When he was 21 he got a chance to sing on Radio Pakistan (Bahawalpur Center) and a popular TV variety show Neelam Ghar.  Though his family still refused to embrace him, he persisted, and in the late 70’s/early 80s was performing for homesick Punjabis in the UK.  Back in Pakistan his fame washed over the country, thanks to a new and affordable technology, the cassette tape.  His live shows, one of which I attended on a cold winter evening in Islamabad, were always very lively.  Khan’s approach to singing is straightforward: sing your bloody heart out and wear your emotions on your sleeve.  He eggs his audience on with sly turns of phrase and exaggerated moans and sighs and quickly heads to the very top of his vocal range where he remains for most of the song.  In combination, these ornaments have the effect of driving his audience, (mostly lower and middle class working men) towards ecstasy.


Having said all that, he does have a very nice voice and knows how to use it.  While he is best loved for his upbeat, jaunty numbers, when he turns his attention to a ghazal or a folky interpretation, his voice is just as expressive and moving.  


His FB page claims “He has recorded more than 40,000 songs in 7 different languages.”   For your listening pleasure I’ve selected just 13 of those songs and three languages to share with you today.  The selection covers some early folk songs (Balo Batiyaan Way Mahi) from Pakistan TV where he (and so many others) got his first mass exposure, through a couple of the big hits  (Ni Uthan Wale Tur,Aankh Mein Naqsh-e-Jannat), to a recent appearance on the famous and fabulous Coke Studio Show (Pyaar Naal).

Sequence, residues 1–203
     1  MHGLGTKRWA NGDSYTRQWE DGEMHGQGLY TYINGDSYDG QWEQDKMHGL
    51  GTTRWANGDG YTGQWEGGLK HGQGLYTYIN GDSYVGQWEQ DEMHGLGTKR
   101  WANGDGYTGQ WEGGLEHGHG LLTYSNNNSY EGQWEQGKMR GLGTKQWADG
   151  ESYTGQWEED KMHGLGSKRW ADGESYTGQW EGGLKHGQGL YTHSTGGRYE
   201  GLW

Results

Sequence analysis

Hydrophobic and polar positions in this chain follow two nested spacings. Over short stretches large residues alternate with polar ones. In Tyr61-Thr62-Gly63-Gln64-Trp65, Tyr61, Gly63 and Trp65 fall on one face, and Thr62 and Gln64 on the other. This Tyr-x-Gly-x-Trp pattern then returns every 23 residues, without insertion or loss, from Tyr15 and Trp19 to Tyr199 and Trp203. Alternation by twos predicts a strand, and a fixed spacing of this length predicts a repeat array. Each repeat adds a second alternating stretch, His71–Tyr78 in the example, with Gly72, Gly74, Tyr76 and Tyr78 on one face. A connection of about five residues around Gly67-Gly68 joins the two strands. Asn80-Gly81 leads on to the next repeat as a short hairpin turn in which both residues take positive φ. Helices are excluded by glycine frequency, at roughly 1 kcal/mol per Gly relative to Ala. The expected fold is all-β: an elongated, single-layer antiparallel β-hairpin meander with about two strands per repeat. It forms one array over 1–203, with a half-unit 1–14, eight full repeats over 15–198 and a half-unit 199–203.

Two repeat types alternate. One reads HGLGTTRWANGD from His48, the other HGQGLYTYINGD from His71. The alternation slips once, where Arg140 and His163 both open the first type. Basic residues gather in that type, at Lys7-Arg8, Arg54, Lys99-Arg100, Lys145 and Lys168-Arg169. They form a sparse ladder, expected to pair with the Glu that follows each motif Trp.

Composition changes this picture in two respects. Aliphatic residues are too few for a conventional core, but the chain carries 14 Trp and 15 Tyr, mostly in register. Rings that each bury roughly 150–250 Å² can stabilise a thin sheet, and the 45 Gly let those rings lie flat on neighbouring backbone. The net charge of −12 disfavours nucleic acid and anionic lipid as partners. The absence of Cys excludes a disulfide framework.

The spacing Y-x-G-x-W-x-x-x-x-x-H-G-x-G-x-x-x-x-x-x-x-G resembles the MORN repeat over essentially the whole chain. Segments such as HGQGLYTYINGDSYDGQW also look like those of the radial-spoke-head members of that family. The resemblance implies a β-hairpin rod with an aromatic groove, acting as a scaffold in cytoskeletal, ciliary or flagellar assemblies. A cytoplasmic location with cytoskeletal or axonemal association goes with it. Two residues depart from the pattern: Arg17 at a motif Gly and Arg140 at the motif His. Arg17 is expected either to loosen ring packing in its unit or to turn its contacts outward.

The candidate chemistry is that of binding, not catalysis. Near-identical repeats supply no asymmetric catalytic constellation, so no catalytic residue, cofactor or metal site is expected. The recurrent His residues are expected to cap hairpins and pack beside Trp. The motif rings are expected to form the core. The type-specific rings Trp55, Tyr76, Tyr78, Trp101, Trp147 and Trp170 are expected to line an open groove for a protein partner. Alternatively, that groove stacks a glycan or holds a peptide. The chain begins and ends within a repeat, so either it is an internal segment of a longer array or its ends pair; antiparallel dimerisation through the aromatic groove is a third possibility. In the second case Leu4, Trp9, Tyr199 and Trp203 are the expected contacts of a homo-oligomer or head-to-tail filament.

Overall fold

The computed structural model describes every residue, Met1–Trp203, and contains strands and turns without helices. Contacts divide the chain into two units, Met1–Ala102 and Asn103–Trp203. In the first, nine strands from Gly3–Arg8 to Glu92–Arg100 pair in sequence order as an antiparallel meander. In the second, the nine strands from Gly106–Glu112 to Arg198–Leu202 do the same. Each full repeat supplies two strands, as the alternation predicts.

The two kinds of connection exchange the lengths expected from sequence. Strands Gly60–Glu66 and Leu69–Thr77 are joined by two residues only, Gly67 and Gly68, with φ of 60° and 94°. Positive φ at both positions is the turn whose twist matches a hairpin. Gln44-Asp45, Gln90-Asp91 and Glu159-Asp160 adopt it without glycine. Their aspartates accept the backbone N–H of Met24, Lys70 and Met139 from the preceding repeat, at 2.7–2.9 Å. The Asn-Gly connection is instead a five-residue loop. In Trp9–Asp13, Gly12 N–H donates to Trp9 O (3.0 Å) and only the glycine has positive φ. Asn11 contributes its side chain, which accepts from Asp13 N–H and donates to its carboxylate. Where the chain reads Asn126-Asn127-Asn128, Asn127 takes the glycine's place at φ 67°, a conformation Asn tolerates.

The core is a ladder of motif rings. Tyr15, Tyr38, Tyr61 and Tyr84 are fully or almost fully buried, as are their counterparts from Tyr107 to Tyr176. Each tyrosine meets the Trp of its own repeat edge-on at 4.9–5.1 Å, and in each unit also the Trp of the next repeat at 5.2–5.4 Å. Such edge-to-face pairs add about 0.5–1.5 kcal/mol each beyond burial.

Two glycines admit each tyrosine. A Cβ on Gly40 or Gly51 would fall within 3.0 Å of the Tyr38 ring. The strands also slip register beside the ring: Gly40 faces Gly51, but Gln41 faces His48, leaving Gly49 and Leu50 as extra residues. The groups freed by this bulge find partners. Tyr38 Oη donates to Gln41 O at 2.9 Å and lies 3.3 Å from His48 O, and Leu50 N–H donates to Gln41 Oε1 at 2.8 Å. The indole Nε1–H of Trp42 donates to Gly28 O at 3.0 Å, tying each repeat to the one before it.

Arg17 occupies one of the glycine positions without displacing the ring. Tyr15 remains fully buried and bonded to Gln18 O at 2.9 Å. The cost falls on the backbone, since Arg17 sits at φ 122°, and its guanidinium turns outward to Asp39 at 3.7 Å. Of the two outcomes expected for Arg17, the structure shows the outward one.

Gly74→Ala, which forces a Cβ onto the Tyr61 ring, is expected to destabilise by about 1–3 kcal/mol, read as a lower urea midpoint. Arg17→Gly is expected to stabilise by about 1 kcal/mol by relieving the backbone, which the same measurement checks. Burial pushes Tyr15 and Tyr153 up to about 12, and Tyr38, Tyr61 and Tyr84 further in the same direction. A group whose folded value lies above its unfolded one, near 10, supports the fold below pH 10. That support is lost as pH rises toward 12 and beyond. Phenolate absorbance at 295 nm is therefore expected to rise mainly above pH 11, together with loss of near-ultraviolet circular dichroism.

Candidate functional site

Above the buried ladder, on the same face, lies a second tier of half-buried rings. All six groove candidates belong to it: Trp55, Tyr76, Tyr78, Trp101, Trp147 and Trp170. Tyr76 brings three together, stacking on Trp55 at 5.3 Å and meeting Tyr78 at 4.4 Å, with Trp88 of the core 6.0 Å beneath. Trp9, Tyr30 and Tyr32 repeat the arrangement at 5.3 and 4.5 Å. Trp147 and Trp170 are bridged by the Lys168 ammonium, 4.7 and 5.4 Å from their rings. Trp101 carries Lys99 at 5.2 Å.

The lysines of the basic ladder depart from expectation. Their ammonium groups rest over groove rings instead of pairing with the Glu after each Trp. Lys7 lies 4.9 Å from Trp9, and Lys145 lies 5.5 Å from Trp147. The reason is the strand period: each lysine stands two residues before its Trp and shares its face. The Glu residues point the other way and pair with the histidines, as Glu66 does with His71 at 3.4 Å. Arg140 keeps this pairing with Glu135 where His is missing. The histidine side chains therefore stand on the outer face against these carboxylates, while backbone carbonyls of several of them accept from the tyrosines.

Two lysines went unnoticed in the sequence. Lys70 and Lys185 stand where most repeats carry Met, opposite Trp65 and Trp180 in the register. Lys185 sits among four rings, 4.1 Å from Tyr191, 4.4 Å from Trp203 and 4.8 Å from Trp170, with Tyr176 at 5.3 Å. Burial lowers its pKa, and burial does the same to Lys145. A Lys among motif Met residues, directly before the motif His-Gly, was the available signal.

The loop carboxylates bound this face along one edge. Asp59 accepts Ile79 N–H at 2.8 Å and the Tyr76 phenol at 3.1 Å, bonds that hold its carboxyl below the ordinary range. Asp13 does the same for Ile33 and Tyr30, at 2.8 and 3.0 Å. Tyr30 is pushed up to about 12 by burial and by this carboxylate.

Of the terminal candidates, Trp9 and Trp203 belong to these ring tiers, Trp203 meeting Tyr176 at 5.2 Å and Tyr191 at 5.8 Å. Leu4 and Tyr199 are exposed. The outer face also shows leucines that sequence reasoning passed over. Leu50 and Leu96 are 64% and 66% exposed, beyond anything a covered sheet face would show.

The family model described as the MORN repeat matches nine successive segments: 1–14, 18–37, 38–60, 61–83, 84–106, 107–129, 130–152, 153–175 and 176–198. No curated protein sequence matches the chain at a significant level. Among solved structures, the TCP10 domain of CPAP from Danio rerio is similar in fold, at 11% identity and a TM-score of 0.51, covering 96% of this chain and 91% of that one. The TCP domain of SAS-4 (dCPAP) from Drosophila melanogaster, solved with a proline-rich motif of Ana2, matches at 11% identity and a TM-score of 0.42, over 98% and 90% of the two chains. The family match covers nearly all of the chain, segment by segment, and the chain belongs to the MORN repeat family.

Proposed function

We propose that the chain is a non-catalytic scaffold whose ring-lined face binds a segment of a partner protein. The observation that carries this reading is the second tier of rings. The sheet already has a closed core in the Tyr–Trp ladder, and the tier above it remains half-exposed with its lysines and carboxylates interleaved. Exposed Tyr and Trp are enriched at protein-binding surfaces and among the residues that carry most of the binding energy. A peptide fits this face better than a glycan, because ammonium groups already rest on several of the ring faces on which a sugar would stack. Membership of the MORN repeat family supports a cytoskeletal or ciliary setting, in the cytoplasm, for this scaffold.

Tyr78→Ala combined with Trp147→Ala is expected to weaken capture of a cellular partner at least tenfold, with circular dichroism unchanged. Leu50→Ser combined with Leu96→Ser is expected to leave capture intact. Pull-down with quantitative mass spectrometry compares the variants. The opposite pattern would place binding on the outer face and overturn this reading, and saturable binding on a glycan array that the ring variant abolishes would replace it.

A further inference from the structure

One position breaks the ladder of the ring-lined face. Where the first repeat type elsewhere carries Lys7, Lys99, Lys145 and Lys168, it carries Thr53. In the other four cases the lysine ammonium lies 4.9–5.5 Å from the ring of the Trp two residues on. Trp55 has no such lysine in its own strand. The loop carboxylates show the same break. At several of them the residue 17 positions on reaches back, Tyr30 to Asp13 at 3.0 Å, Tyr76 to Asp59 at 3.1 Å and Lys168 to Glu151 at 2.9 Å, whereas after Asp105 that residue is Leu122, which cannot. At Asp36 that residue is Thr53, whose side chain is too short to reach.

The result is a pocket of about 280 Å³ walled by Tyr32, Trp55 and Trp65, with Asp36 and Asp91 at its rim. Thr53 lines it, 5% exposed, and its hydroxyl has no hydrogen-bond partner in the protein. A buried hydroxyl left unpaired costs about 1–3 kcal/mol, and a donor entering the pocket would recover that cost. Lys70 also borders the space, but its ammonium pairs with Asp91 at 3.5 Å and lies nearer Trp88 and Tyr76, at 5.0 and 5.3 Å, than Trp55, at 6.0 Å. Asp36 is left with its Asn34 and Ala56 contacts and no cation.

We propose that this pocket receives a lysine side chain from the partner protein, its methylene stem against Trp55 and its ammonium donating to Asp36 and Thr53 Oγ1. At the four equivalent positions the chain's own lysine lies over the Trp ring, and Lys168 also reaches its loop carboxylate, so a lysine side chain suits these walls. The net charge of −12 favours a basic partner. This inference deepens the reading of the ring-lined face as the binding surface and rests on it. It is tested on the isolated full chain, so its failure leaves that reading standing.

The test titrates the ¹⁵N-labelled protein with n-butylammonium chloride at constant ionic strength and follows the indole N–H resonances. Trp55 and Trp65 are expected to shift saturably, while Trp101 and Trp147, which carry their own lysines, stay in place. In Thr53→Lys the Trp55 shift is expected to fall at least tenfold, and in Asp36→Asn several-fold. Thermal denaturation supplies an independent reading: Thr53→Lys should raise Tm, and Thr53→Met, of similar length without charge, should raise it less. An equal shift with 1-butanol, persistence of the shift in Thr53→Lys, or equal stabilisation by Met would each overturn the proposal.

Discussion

The title of the selection refers to the opening number Isa Khel Door te Nahin (Isa Khel is Not Far Away).  There was a period of about 20 years, before King MP3, when every long haul truck, every interstate bus, every local taxi, every wagon (mini-bus) that plied the roads of Pakistan had, not just one, but several tapes of Attaullah Khan Niazi, or simply, Issakhelvi, in the glove box. 


Get ready for it!


Track Listing:

01 Isa Khel Door te Nahin

02 Nain Marjaane

03 Ni Uthan Wale Tur

04 Khol Surahi Pyare Saqi

05 Aankh Mein Naqsh-e-Jannat

06 Chimta Taan Wajda

07 Yeh Bahar ke Zamana

08 Dard to Rukhne ka Ab Naam Nahi Leta

09 Taud ke Dil Pachtana Kaisa

10 Pyaar Naal

11 Balo Batiyaan Way Mahi

12 Bismillah Karan

13 Tumhare Shehr ka Mausam